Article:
What year was Rush's 2112 issued? She was paying little attention to goings-on in the world during her last years, so she might not have known about the reference to her...although, this is ringing a dim bell: wasn't there some kind of threatened suit pertaining to Rush? At any rate. I'd just about swear that even if she did hear Rush's music, she'd have disliked it.

Ellen

Jay said...

2112 was released in 1976. Someone on this site once mentioned a lawsuit like that but I could find no details on the Internet.

You are right: return to the music of primitivism were the words I was looking for.

Neil Parille said...

She had a thing agains Jazz, didn't she?

I have never been able to appreciate Jazz.

Dragonfly said...

Boom-boom-boom-boom-boom...

This is one of those rare instances where I completely agree with her aesthetic judgement...

David said...

Jazz is a tough one for many people, especially because it's such a diverse genre at this point.

I recall her referring to the "irrational music of the Beatniks" in one of her essays (not sure which one), which I took as a reference to jazz (specifically the sub-genre called Bebop) but one can't be sure because she wasn't specific.

Bebop is fast, polyphonous, and cacaphonous. As Miles Davis said, it takes "big ears" to listen to it. To her, it probably sounded like a lot of noodling, and the improvisational nature probably could be dismissed as "whim worshiping."

In reality, it's a very complex and difficult musical style, requiring a performer to also be a composer, to understand musical theory intuitively, and to have flawless technique.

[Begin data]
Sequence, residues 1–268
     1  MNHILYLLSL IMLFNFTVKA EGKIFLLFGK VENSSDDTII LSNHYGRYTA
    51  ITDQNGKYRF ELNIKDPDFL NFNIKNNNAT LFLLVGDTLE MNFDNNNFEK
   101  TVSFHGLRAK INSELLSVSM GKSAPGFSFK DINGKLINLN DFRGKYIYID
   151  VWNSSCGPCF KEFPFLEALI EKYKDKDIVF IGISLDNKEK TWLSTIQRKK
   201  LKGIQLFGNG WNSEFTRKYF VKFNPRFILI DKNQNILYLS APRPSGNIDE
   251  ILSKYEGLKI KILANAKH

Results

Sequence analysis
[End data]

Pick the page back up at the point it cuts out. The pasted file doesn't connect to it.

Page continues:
They took Swing music, which relied mostly on the usual major, minor, and 7th chords, and introduced diminished fifths (aka augmented fourths, aka flat-fives), major 7ths, 9th chords, 13th chords, etc. etc. Performer/composers like Charlie "Bird" Parker and "Dizzy" Gillespie listened to a lot of classical music (Debussy was particularly influential) to expand their musical vocabulary beyond what they learned playing in the big bands.

For jazz buffs at the time, because they were already steeped in Dixieland and Swing, the musical innovations were fresh and exciting, but mostly understandable.

For someone unfamiliar with jazz, or someone with a preexisting antipathy toward it, it sounds like random scales played too fast.

Anyway - if you're interested in learning how to appreciate "America's classical music" (as we jazz buffs call it), I'd recommend getting the Smithsonian Collection of Classic Jazz.

It's a five-disk set that starts with Ragtime in the 1900's and goes up to the Free Jazz of the 1960's. Start with disk one and listen to it till you get it ... and then move on to the next one. It's how I stretched my ears.

Dragonfly said...

I wasn't talking about jazz (I even play some jazz piano music myself sometimes), but about rock music, pop music or whatever that horrible noise is called... I think that's also what Rand primarily had in mind.

Ellen Stuttle said...

Dragonfly,